valsalva maneuver

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valsalva maneuver

The procedure of raising the pressure in the nasal passage or the naspharynx by forcible expiration with the mouth closed and the nostrils pinched to clear the eustachian tubes. This maneuver usually is executed during descent in response to a fullness or pressure in the ears.
References in periodicals archive ?
4 Colour Doppler US confirms the venous flow and augmentation of venous flow with Valsalva manoeuvre.
Therefore, performing a preoperative venogram during the Valsalva manoeuvre becomes it is imperative to reveal unknown anastomosis before there is more vascular damage.
Our study revealed that there were significant differences in the 30:15 ratio, E:I ratio and Valsalva Ratio between controls (Group I) and Obstructive Sleep Apnea patients (Group II), with the values of OSA patients in Group II being lower; these ratios being obtained from the heart rate response to standing, heart rate response to deep breathing and Valsalva manoeuvre tests respectively.
6) Valsalva manoeuvres have been implicated as the cause of SPM.
In children, it is possible to increase the CSA of IJV without the Valsalva manoeuvre or other enhancement manoeuvres such as liver compression.
BREAST or bottle-feed a very young child during the descent because this has the same effect as the Valsalva manoeuvre, where air at cabin pressure is forced into the middle ear and sinuses.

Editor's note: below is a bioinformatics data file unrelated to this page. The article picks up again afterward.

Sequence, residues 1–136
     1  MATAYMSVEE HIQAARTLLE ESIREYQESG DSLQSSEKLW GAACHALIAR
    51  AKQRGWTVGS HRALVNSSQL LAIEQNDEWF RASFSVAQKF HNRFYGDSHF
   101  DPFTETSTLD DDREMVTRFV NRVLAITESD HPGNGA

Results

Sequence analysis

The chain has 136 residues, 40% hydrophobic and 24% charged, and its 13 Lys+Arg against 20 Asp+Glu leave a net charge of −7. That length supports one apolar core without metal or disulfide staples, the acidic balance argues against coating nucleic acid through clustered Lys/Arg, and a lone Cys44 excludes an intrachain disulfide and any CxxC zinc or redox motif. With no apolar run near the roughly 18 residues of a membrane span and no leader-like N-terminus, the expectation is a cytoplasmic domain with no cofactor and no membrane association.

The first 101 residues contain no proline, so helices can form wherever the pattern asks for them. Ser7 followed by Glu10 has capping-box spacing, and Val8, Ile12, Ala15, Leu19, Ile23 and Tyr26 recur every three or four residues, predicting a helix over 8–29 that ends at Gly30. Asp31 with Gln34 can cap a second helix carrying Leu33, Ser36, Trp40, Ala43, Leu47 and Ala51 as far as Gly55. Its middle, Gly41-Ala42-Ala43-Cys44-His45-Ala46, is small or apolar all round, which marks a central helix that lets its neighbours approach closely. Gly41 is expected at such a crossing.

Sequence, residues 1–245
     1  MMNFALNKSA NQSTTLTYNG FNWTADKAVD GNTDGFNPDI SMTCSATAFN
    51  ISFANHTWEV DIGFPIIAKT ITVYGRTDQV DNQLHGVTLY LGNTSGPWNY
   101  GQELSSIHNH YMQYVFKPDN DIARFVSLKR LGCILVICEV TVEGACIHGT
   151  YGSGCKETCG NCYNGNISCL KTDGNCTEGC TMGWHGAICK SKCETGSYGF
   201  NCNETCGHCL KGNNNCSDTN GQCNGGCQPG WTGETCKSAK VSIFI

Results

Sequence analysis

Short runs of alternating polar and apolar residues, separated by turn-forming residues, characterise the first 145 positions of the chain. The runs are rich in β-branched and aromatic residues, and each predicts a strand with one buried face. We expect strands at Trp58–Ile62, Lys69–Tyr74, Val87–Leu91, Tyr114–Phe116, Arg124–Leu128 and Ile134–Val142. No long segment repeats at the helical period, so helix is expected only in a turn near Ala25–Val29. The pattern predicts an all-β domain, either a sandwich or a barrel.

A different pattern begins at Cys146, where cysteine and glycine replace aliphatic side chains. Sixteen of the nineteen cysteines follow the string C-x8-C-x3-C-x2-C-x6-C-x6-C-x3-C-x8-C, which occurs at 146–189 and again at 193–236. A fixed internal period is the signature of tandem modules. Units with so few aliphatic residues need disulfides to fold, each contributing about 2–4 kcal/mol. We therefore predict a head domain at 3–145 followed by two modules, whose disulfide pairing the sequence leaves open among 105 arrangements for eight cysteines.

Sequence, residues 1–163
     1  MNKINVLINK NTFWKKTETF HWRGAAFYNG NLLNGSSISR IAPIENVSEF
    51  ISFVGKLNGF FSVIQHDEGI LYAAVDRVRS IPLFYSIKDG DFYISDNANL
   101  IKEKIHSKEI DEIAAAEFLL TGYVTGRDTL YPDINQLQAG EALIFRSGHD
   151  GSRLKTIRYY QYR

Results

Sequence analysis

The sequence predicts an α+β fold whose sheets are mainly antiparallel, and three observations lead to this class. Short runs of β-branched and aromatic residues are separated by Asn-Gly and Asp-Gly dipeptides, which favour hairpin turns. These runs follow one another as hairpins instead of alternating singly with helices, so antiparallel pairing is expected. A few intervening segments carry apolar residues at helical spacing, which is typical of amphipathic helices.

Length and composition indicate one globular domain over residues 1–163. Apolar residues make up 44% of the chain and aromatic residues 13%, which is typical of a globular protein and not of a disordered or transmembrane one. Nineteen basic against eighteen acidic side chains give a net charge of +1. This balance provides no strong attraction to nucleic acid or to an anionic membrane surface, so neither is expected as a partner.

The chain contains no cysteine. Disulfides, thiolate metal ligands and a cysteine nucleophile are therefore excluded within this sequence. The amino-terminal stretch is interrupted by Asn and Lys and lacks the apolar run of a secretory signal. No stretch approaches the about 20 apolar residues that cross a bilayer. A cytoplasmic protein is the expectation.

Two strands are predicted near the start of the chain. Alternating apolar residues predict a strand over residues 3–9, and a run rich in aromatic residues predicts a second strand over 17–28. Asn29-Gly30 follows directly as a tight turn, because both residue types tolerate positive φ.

The Trendelenburg position, Valsalva manoeuvre and abdominal compression have been suggested to increase the cross-sectional area (CSA) of the IJV and SCV (1-6).
This is called the Valsalva Manoeuvre which reintroduces air into the middle ear and sinuses.
RESPIRATORY CHANGES: The diameter of large veins increases with deep inspiration or with the Valsalva manoeuvre.
The periosteum is loosely attached to the orbital bones, especially the orbital roof, which is the most common site for NTSOH development (6) The orbital veins are valveless, allowing increased jugular venous pressure to be transmitted to the veins in the subperiosteal orbital space, possibly causing rupture (2) Therefore, factors that increase venous pressures, such as vomiting, coughing and the Valsalva manoeuvre may play a major role in NTSOH (1).
This is called the Valsalva manoeuvre and reintroduces air into the middle ear and sinuses.
It must be stressed, however, that a Valsalva manoeuvre is ill-advised in the event of venous air embolism--because of the risk, on its release, of paradoxical embolism (1,4).